Vintage Cookbooks

Lichen roast


Today's entries are mostly from the Better Homes and Gardens Blender Cookbook. When you think of blending food, you think of pureeing it, mostly. But these are pre-food processor recipes, so it's not really so bad as it sounds. They wanted you to think of the blender as a convenient chopping tool, is all. This recipe doesn't even sound bad, and it appears to be garnished with things you could eat, but it looks so much like a moist tree stump with lichens formed on it, I'm surprised that the garnish isn't mushrooms and some sort of edible moss.


It's actually a bone-in pork roast, stuffed with a mixture of chopped celery and onions cooked in butter, and chopped apples and sauerkraut. I probably could eat that. 

Cheese casket

(originally posted 1.16.06)


I just find this horrifying, in every way. The "meat" looks carbonized, the "cheese" looks like cake icing, which, no, and the brussel sprouts are waaay too green. I don't like them anyway. They taste like little balls of cow cud, if you can, like me, imagine what cow cud tastes like. I am not a fan of food that comes in balls, anyway. Something about biting into them bothers me.

(Since I wrote this, I have come to appreciate sauteed or roasted Brussels sprouts. I'm fairly certain I'd still hate these ones, though.)

By the way. The caption says to serve this to produce a "British" flair for your meal. And there is a recipe for trifle, to have for dessert. You can see a bit of it in the photo. It's trifle in theory, anyway. I am surprised there is no little toothpick paper Union Jack stuck into the top of the cheese casket. But you could take that extra step yourself, now that I've given you the idea.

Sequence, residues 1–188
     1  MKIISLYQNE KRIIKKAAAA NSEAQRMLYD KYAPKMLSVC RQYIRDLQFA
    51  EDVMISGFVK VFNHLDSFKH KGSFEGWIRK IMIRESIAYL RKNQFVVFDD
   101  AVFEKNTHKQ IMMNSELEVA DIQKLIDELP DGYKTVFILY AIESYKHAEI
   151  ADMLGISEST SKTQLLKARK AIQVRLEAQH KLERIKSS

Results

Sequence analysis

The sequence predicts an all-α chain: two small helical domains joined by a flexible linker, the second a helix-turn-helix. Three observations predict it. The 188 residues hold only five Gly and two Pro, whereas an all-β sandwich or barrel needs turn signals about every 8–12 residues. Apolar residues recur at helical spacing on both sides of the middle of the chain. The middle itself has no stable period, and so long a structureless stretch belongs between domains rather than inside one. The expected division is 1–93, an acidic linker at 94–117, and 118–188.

Ham+balls=me giggling while pushing away my plate

(originally posted 1.16.06)

I just don't like balls of food. I also don't like wadded-up tissue, or when people take their straw wrapper and furiously roll it into a tight little icky thing that becomes slightly moist in the palm of their hand.

I'm aware of my issues.

This just cracks me up, though. I hate that there's no picture!



I don't want to put ham in a blender.

colo-rectal decay

(originally posted 1.16.06)

all in a row...

all in a row...

This time we've been offered chervil and orange wedges as a garnish. Herbs more commonly used in funeral rites and sprinkled on gravesites include wild marjoram, basil, and rosemary.

You know there's no more than 1/8 teaspoon of mustard in that sauce.

Addendum #1: I had to get a new image. That's not chervil. Notion still applies.
Addendum #2: I checked the recipe. There's actually an entire 1/2 teaspoon of dry mustard in that sauce! Livin' large, baby. 

Come on over, I'll just throw something together for supper!

(originally posted 1.23.06)

Yes, these are canned tamales. But that's not even the scary part. 



Remember those? Individually wrapped in paper, and they made a cool vacuum-release sound when you up-ended the can into a saucepan. Well. You can do so much with them, so go get a can out of your pantry, where you keep all the essentials on hand for a surprise dinner crowd, and--

You say you don't just keep jumbo-sized cans of tamales in your pantry for emergencies? Surely you jest. Next thing, you'll be telling me there are no cans of hominy in there either, or Vienna sausages. What kind of a cook are you, anyway? These are emergency staples, people! Don't believe me? Read on. If you dare.

"Almost every ingredient used in Mexicali Casserole is an emergency shelf item that can be easily stored for unexpected company. Trim with snipped parsley."

1 1 pound 4-ounce can yellow hominy, drained

1 1 pound can tamales, cut in thirds

1 10 1/2-ounce can condensed cream of chicken soup